[He and Tracy exchange scornful looks]
Macaulay: Champagne's funny stuff. I'm used to whiskey. Whiskey is a slap on the back, and champagne's heavy mist before my eyes.
George: You're like some marvelous, distant, well, queen, I guess. You're so cool and fine and always so much your own. There's a kind of beautiful purity about you, Tracy, like, like a statue.
George: Oh, it's grand, Tracy. It's what everybody feels about you. It's what I first worshipped you for from afar.
Tracy: I don't want to be worshipped. I want to be loved.
C.K.: The moon is also a goddess, chaste and virginal.
Tracy: Stop using those foul words.
[Mike discovers the intercom in the Lords' house]
Macaulay: Uh-oh, Liz, what did I tell you? Look, how do you like this - living room, sitting room, terrace, pool, stables.
Liz: That's probably so they can talk to the horses without having them in the house.
Tracy: What do you want?
Macaulay: You're wonderful. There's a magnificence in you, Tracy.
Tracy: Now I'm getting self-conscious. It's funny. I - Mike? Let's...
Tracy: I don't know - go up, I guess, it's late.
Macaulay: A magnificence that comes out of your eyes, in your voice, in the way you stand there, in the way you walk. You're lit from within, Tracy. You've got fires banked down in you, hearth-fires and holocausts.
Tracy: I don't seem to you made of bronze?
Macaulay: No, you're made out of flesh and blood. That's the blank, unholy surprise of it. You're the golden girl, Tracy. Full of life and warmth and delight. What goes on? You've got tears in your eyes.
Tracy: Shut up, shut up. Oh, Mike. Keep talking, keep talking. Talk, will you?
Macaulay: What's this? Is it my book?
Macaulay: C. K. Dexter Haven you have unsuspected depth!
C.K.: Thanks, old chap.
Macaulay: But have you read it?
C.K.: When I was trying to stop drinking, I read anything.
Macaulay: And did you stop drinking?
C.K.: Yes. Your book didn't do it though.
Tracy: I can't make you out at all now.
Macaulay: I thought I was easy.
Tracy: So did I. But you're not. You talk so big and tough and then you write like this. Which is which?
Macaulay: Both. I guess.
Tracy: No. No, I believe you put the toughness down to save your skin.
Macaulay: You think so?
Tracy: Yes. I know a little about that.
Macaulay: You do?
Tracy: Quite a lot.
Dexter: I never saw you looking better, Red. You're getting that fine, tawny look.
Tracy: Oh, we're going to talk about me, are we? Goodie.
Dexter: It's astonishing what money can do for people, don't you agree, Mr. Connor? Not too much, you know - just more than enough. Now take Tracy for example. Never a blow that hasn't been softened for her. Never a blow that won't be softened. As a matter of fact, she's even changed her shape - she was a dumpy little thing at one time.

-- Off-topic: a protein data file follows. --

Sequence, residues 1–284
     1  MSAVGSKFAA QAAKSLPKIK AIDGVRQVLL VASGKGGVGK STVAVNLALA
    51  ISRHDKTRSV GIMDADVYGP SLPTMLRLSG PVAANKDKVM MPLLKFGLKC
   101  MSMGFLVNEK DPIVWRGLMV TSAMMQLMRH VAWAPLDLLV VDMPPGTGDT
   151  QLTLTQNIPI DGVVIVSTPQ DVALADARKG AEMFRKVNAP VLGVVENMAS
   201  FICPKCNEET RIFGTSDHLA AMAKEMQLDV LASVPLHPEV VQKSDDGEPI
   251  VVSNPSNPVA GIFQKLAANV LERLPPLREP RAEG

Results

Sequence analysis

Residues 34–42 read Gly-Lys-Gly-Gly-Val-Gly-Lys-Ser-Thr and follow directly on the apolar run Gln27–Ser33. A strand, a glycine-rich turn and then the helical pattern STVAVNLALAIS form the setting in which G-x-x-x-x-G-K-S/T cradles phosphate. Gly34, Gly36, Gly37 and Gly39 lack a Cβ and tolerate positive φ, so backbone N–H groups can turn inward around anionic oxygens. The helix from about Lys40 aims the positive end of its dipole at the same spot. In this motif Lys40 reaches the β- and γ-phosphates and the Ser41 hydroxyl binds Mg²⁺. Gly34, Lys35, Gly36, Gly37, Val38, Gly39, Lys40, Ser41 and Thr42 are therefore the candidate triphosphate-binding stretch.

Tracy: Only as it happens, I'm not interested in myself, for the moment.
Dexter: Not interested in yourself! You're fascinated, Red. You're far and away your favorite person in the world.
Tracy: Dexter, in case you don't know it -
Dexter: Of course, Mr. Connor, she's a girl who's generous to a fault.
Tracy: To a fault, Mr. Connor.
Dexter: Except to other people's faults. For instance, she never had any understanding of my deep and gorgeous thirst.
Tracy: That was your problem.
Dexter: Granted. But you took on that problem with me when you took me, Red. You were no help-mate there. You were a scold.
Tracy: It was disgusting. It made you so unattractive.
Dexter: A weakness, sure, and strength is her religion, Mr. Connor. She finds human imperfection unforgiveable. And when I gradually discovered that my relationship to her was supposed to be not that of a loving husband and a good companion, but - [He turns away from her] Oh, never mind.
Tracy: Say it.
Dexter: But that of a kind of high priest to a virgin goddess, then my drinks grew deeper and more frequent, that's all. [Macaulay slides off his chair and leaves them.]
Tracy: I never considered you as that, nor myself.
Dexter: You did without knowing it. Oh, and the night that you got drunk on champagne and climbed out on the roof and stood there, NAKED, with your arms out to the moon, wailing like a banshee - [Dexter laughs at the thought.]
Tracy: I told you I never had the slightest recollection of doing any such thing.
Dexter: I know. You drew a blank. You wanted to. Mr. Connor, what would you... [He turns and notices Mike has gone] Oh.
Tracy: A nice story for spies, incidentally.
Dexter: Too bad we can't supply photographs of you on the roof.
Dexter: [about marrying George] How in the world could you even think of it?
Tracy: Because he is everything you're not. He's been poor. He's had to work and he's had to fight for everything. And I love him, as I never even began to love you.
Dexter: Maybe so, but I doubt it. I think he's just a swing from me. But it's too violent a swing. Kittredge is no great tower of strength, you know, Tracy. He's just a tower.
Tracy: You hardly know him.
Dexter: To hardly know him is to know him well. And perhaps it offends my vanity to have anyone who is even remotely my wife re-marry so obviously beneath her.
Tracy: How dare you! Any of you in this day and age use such an idiotic...
Dexter: I'm talking about the difference in mind and spirit...Kittredge is not for you.